Achievement of Solid Liquid Manure Separation

CANADA - A southern Manitoba based team of researchers is hoping a low tech method of solid liquid manure separation can be commercially developed to help hog producers manage phosphorus, writes Bruce Cochrane.
calendar icon 27 March 2009
clock icon 3 minute read

A team of scientists working in partnership with the Niverville based Puratone Corporation has completed a study which evaluated the potential of using gravity to separate the solid and liquid factions of swine manure.

By using a 40 by eight by four foot gravity settling tank, scientists were able to reduce the volume of solids contained in the liquid fraction from about seven per cent to about two percent and reduce phosphorus levels from about eight pounds per thousand gallons to about two.

Professional agrologist Larry Slevinsky, who headed the project, says this approach offers a potential low cost solution to phosphorus management.

Larry Slevinsky-Independent Professional Agrologist

I think it's an alternative way from the two cell component which is the majority of storages that hog farmers are utilizing now.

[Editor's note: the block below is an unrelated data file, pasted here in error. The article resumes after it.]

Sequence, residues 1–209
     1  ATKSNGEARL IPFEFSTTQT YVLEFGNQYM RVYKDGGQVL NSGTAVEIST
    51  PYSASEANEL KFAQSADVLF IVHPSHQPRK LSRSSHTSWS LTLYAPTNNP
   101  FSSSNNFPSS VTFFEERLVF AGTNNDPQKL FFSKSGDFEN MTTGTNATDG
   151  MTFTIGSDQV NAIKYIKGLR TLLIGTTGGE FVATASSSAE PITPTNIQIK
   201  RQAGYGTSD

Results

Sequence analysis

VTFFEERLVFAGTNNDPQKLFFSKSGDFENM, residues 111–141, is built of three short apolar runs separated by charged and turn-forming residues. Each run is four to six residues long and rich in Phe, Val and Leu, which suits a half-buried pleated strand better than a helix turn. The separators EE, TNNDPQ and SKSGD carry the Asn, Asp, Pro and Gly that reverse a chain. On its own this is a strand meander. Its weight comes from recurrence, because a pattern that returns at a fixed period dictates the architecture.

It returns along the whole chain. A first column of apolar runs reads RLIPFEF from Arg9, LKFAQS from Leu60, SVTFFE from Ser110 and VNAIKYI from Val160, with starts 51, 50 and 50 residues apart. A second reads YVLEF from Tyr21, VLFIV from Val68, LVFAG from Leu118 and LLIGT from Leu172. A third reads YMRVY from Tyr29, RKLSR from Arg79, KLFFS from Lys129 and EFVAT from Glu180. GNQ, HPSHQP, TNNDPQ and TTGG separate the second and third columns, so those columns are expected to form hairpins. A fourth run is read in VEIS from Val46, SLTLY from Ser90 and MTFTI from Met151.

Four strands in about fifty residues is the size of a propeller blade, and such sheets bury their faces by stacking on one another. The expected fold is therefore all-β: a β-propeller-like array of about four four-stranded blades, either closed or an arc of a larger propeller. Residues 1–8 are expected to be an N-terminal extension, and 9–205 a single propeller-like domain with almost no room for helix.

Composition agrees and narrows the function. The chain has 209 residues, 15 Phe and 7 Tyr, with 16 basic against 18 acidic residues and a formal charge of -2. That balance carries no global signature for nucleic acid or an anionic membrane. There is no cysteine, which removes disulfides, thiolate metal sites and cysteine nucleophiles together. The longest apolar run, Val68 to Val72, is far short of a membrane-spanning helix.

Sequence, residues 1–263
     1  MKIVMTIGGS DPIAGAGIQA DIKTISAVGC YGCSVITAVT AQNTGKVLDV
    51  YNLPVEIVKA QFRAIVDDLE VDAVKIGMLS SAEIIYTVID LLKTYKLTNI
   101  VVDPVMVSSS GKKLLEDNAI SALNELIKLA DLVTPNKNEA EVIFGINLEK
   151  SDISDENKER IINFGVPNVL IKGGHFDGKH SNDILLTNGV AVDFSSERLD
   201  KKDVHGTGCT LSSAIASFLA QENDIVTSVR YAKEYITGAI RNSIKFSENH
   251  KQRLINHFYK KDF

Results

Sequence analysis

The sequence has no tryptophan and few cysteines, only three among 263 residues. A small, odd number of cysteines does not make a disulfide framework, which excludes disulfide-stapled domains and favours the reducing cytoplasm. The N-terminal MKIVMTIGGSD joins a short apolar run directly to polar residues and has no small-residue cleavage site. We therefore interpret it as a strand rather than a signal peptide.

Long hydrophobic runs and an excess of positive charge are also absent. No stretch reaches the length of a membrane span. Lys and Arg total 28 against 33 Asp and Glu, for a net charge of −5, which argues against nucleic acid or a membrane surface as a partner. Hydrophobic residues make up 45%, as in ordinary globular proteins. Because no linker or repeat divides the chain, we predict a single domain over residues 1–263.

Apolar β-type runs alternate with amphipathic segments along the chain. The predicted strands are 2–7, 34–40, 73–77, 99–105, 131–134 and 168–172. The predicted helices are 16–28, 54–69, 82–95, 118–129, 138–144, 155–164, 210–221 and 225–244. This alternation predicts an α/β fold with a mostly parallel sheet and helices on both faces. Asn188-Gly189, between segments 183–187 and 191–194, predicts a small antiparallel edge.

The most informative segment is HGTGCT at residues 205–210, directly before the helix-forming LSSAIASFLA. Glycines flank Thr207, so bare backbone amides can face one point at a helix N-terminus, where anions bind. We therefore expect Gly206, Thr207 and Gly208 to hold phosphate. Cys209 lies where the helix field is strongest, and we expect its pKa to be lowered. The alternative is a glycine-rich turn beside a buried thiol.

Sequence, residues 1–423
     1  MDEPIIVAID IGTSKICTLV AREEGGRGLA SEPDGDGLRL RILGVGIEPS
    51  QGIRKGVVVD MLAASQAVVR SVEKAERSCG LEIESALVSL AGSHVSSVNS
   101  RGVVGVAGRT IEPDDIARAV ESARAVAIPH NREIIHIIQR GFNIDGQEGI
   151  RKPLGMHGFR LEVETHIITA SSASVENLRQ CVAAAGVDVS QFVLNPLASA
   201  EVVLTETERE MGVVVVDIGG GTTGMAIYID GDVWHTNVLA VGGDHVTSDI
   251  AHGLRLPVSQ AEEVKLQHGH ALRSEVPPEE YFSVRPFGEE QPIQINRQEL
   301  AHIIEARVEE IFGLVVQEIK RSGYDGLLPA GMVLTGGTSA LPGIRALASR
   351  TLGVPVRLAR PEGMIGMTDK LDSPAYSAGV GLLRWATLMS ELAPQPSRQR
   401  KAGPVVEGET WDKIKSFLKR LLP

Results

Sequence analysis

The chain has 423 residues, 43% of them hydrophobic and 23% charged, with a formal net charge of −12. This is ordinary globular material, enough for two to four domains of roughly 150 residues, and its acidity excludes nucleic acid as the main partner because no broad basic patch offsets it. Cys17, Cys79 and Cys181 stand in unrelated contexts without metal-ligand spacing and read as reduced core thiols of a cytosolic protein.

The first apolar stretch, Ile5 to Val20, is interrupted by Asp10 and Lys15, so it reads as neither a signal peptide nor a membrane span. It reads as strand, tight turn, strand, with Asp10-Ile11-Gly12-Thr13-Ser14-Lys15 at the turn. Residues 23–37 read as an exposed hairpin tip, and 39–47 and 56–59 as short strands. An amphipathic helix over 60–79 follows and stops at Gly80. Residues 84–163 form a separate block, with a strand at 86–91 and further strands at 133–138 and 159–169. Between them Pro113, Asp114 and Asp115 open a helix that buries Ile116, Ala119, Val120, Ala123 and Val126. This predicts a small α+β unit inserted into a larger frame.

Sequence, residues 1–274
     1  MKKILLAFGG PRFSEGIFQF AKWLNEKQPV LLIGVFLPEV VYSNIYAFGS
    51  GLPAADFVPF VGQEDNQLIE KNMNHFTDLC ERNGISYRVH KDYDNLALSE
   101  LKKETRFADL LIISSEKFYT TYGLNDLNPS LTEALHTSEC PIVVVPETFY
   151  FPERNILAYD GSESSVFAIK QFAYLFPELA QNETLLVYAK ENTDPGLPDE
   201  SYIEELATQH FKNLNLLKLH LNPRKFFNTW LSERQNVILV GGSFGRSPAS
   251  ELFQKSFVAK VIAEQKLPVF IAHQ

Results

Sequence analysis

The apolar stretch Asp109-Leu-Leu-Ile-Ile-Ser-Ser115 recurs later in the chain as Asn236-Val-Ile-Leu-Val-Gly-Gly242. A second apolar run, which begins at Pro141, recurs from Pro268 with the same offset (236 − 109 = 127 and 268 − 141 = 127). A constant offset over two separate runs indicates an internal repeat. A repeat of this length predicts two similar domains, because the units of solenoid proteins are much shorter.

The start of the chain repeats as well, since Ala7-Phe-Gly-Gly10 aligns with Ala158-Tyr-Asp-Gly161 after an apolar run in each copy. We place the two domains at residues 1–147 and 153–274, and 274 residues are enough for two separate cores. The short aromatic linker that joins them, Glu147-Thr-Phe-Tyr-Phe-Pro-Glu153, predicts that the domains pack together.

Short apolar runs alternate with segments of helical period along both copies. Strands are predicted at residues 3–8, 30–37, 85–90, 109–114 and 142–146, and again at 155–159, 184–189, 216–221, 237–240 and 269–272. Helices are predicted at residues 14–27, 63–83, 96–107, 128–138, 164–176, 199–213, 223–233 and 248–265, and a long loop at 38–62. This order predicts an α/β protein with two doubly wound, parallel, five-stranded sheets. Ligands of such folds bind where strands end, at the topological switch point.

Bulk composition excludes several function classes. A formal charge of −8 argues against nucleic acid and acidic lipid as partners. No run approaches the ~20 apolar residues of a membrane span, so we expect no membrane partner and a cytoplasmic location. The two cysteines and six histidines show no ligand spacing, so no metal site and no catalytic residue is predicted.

I think it's a positive approach to dealing with the phosphorus issues.

What you have is a separation of the liquid manure into two manure streams, the liquid portion and the solid portion.

Therefore you would decrease the variability of the nutrients because you're dealing with two specific streams.

The first stream, the liquid portion, would be low in phosphorus whereas the solid portion which had settled out would be high in phosphorus.

The only thing is we have to look at alternative ways of dealing with the solid component.

That probably requires additional studies and marketing of that particular solid and other things that are associated with it.

Slevinsky says by dealing with two streams you reduce the variability of nutrients in each and end up with two sources of fertilizer.

He says the next step will be to apply the gravity setting approach to a continuous flow system.

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